Thursday, November 14, 2013

Housing: Before and After the Great Recession

It's hard to summarize the contradictory trends contained in the Census Bureau's report, Home Value and Homeownership Rates: Recession and Post-Recession Comparisons from 2007-2009 to 2010-2012. The report is one of the first with three-year estimates and comparisons from the American Community Survey, which replaced the census "long form" and provides demographic and socioeconomic data for small geographic areas.

At first glance, the report seems to show that the Great Recession and the collapse of the housing market passed millions of Americans by without creating so much as a statistical ripple. For example, in the great majority of the nation's smaller counties (the 1,038 counties with populations of 20,000 to 65,000), the bureau found no statistically significant change in median home value or homeownership rate between 2007-2009 and 2010-2012. Only 12 percent of American live in those smaller counties, however, making their stability a minority perspective.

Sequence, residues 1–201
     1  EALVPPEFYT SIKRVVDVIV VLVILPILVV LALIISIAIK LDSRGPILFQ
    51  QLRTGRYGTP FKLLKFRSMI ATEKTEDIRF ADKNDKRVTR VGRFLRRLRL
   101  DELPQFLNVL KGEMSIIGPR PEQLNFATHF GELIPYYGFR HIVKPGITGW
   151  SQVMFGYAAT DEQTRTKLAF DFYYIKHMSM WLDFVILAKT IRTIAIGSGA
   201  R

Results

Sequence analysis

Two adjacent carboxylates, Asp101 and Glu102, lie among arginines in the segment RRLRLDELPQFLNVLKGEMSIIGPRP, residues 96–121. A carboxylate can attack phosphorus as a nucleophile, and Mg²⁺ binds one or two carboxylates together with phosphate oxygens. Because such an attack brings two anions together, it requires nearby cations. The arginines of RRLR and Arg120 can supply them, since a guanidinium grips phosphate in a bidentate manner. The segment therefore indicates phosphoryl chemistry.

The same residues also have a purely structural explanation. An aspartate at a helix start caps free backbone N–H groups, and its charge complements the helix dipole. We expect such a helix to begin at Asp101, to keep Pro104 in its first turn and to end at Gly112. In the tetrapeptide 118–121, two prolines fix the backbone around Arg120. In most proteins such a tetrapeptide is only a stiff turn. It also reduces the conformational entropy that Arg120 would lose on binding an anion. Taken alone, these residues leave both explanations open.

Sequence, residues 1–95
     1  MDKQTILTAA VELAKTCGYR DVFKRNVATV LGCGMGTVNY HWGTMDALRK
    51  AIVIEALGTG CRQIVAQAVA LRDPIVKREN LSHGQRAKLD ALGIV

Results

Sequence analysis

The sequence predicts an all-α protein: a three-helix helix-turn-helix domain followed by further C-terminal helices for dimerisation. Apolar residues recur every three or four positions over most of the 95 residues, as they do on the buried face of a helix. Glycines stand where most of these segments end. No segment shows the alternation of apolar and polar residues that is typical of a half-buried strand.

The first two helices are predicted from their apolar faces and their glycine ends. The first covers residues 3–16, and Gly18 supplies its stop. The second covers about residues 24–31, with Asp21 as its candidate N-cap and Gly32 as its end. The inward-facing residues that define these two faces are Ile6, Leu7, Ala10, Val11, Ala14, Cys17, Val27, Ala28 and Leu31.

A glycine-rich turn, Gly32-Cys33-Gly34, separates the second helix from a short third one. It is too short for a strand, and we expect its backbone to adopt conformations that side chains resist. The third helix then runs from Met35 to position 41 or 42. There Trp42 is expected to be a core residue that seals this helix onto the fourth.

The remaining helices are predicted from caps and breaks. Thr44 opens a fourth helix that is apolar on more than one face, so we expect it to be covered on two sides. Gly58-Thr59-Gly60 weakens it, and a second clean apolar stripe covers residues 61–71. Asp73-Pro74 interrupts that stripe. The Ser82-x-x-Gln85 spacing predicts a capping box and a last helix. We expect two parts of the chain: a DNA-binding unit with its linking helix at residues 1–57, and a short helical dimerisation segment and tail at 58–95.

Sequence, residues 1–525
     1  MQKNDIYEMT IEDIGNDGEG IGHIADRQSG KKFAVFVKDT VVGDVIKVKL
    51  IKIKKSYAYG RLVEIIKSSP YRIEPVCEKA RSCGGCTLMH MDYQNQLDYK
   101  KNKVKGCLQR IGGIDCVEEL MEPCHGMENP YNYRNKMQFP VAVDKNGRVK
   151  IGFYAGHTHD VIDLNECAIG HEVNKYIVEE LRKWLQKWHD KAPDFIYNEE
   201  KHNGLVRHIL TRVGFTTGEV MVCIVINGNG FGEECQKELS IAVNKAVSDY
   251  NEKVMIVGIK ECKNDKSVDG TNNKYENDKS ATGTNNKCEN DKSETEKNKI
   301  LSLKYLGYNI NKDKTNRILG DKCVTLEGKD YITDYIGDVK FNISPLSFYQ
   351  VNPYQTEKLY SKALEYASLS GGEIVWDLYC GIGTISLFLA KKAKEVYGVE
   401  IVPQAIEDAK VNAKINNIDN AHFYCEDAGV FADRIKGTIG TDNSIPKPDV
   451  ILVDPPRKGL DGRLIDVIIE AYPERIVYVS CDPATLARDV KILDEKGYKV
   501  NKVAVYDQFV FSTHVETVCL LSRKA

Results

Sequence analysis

In the 50 most populous counties, the story is different—median home values fell in most areas and the homeownership rate took a hit in all of them, the bureau reports. A larger 30 percent of Americans live in these counties, and their struggles are well known. The collapse of the housing bubble is readily apparent in the steep decline in median housing value in Contra Costa County, California (San Francisco), where median value fell by a stunning $141,500. Declines topping $100,000 also occurred in Los Angeles County and Clark County, Nevada (Las Vegas), among others. Even so, among the 50 largest counties a few saw home values rise even during the darkest days of the Great Recession. Median home value grew in Bexar and Travis counties in Texas (San Antonio and Austin) and Allegheny County in Pennsylvania (Pittsburgh).

Perhaps the report's ultimate meaning can be summed up by the old real estate axiom: location, location, location.

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